So you’re a St. Louis Rams fan and your team announces they’re moving back to Los Angeles where they came from after 20 years.
What do you do?
Admittedly, if you’re of any real significant age in St. Louis you’ve been through this before. But say you’re a plucky kid who grew up a Rams fan during the Greatest Show on Turf and you’re picking up the pieces of your shattered fan heart after “your team” left you high and dry.
Hear me out. I know they ripped your heart out, but let’s be fair. Twenty years ago, you were on the receiving end of a football team gifted to your midwestern city that nobody would ever voluntarily leave Los Angeles for. (Okay, so they left Anaheim. Still.)
They showed up and you two had a really good run. Won a title using a former grocery boy and were one of the best NFL stories of the late 20th century hands down. Whenever anyone talks about the Rams again, they’ll include those stories of Kurt Warner, Marshall Faulk and Issac Bruce. They were ST LOUIS RAMS.
So sure, the team ditched you for better weather and a sweet new stadium funded in-part by Walmart cash, but HEY! You’re a RAMS FAN! Why are you kicking them to the curb now? Get League Pass and remember the good times.
Here’s the problem. All of the teams closest to you are either 1) former in-state rival (Chiefs) or in a city that has other teams you hate 2) Chicago. Not a lot of options that aren’t teams that relocated from other cities in recent history. But hey, the Rams fit that bill when they played in St. Louis.
The Colts are a storied team in recent memory, have a nice stadium and you know Irsay will spend to keep them competitive. Young quarterback and while they haven’t relived the Peyton Manning days of winning a lone Super Bowl, you’d do worse than to have them as your new favorite NFL team.
Plus it’s close enough that you could visit once a year for a game.
Bright side, this team will never move. They’ve had success throughout most of their history, they’re a storied NFL franchise and I repeat, they are unable to move ever.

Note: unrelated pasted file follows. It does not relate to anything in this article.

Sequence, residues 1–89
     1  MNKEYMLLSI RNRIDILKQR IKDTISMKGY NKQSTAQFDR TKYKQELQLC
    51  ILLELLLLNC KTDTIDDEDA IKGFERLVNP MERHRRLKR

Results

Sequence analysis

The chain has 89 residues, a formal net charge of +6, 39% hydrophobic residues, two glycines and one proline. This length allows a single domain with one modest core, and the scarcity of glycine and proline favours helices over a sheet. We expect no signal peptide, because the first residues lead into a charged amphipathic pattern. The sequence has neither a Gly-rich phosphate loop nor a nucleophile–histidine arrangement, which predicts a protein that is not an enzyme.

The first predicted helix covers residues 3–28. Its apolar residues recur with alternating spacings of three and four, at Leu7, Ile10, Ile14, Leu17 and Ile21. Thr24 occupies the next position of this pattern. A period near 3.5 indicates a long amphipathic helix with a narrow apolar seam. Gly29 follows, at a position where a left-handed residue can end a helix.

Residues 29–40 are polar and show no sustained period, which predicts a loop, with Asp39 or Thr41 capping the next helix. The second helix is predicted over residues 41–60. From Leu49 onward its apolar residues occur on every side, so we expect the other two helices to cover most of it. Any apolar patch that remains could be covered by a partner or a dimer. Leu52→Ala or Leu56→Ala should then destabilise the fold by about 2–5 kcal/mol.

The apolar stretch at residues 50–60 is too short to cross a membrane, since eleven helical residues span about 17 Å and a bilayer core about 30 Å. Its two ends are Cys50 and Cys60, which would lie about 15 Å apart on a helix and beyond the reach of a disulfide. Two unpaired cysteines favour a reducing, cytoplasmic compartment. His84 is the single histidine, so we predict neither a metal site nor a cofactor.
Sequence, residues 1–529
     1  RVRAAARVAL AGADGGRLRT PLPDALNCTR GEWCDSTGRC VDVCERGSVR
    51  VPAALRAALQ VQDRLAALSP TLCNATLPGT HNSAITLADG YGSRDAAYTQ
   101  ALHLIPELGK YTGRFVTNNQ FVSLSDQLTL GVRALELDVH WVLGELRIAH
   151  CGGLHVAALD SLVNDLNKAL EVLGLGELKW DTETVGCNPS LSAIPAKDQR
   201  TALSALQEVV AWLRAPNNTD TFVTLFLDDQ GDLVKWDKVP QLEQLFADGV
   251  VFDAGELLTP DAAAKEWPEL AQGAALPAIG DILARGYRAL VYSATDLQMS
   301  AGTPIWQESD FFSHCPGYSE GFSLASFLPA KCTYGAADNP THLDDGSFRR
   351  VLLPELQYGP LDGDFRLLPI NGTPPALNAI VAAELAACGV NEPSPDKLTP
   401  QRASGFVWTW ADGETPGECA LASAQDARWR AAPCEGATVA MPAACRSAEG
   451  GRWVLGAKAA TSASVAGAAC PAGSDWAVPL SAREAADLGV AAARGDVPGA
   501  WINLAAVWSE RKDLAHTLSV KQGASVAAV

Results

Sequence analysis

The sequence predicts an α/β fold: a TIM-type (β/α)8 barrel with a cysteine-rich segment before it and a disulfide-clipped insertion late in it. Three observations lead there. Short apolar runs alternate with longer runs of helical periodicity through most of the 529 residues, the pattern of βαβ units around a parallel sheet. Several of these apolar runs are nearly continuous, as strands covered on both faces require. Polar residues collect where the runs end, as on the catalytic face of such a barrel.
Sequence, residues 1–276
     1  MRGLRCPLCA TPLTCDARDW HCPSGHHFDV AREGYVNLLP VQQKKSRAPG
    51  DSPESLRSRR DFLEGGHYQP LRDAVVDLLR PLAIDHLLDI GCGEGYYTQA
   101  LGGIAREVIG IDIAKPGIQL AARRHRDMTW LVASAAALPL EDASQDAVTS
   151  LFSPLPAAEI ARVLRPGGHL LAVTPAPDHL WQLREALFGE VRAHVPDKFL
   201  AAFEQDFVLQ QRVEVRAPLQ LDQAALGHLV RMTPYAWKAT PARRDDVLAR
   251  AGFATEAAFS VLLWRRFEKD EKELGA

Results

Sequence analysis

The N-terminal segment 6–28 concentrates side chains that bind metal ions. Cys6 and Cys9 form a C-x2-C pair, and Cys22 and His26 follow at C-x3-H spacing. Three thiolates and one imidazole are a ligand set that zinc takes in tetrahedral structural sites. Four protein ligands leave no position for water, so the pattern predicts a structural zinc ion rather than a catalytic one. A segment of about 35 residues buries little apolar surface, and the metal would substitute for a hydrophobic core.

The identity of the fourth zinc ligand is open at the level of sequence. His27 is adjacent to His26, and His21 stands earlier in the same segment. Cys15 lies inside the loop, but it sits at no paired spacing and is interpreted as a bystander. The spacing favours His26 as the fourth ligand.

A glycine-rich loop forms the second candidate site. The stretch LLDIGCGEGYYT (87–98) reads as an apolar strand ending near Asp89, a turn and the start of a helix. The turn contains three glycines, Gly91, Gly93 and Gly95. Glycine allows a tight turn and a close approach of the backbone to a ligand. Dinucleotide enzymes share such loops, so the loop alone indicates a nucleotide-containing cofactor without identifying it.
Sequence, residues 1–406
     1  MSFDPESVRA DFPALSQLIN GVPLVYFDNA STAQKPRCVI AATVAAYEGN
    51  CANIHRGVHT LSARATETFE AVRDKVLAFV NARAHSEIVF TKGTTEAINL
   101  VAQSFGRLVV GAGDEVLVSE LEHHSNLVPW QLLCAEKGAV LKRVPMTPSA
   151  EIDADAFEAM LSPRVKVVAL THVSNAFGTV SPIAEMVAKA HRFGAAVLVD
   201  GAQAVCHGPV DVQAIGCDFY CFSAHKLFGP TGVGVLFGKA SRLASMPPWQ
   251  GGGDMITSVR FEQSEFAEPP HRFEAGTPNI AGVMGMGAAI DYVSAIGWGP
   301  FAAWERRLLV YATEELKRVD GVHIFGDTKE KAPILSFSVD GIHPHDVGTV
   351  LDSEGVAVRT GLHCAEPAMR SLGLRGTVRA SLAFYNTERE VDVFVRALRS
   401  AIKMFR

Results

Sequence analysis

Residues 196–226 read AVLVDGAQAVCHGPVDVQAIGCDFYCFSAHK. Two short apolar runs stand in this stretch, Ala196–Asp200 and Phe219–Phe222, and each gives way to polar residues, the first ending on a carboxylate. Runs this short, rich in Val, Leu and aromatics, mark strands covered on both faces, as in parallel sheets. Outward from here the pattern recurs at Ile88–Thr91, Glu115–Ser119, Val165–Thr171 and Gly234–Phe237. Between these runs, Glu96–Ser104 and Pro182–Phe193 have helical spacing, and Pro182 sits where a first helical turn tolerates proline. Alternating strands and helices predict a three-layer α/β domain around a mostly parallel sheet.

I know being associated with Cheeseheads could be problematic, but nobody ever views Packers fans as bandwagon jumpers. It’s not that far from St. Louis and Milwaukee and St. Louis have a lot of similarities.
Oh and they’re a decent football team, with a stable GM & management. You can’t beat it.
So you probably rooted for them before the Rams showed up. Which makes sense, I guess. So now you can go back and grovel at their feet and apologize for ever leaving them. Andy Reid has them playing ball again, they have good management and unlike your
Cardinals or Rams, they aren’t going anywhere in immediate future.
In-state solidarity? A winning football club? That said, you’ve got more Super Bowl appearances and wins in St. Louis over 20 years than they have in Kansas City, ever?
So that’s something to think about. But hey, it’s the easiest and most defensible choice.
Okay, so this is weird right? They’re good now! Plus, if you want to visit the desert you know it’s not going to snow or rain. Your city supported them forever and you probably have lots of Cardinals gear in that closet of yours. Just throw it on and cheer for the Cards on Sunday. It’s not that different.
Nobody will ever ask you who your favorite football team is, because they know better. But if they do, just say “I’m a Cardinals fan,” and they’ll stop talking about it because they’ll assume you meant baseball and change the subject.
This lets you stay in the NFC, you can root against those assholes in LA who left you paying for a dome they aren’t using and it can be a little cathartic.
Sports are cruel. Owners don’t care about you and your fandom feelings. Just stop watching the NFL altogether. Or root for players and not teams. That could be easier. Either way, if you’re picking a new team remember you’re a free agent and can do what you want. No matter what anyone says, when a team leaves your city — and your city has lost teams in a league twice in a short lifetime — you have no allegiance to anybody.
Just do you.
P.S. When your new team moves, encourage them to change their Twitter handle and to secure the old name too. It helps former customers — and new ones — know where to find them. Especially if they can’t get the actual name on Twitter, because it belongs to an actual person.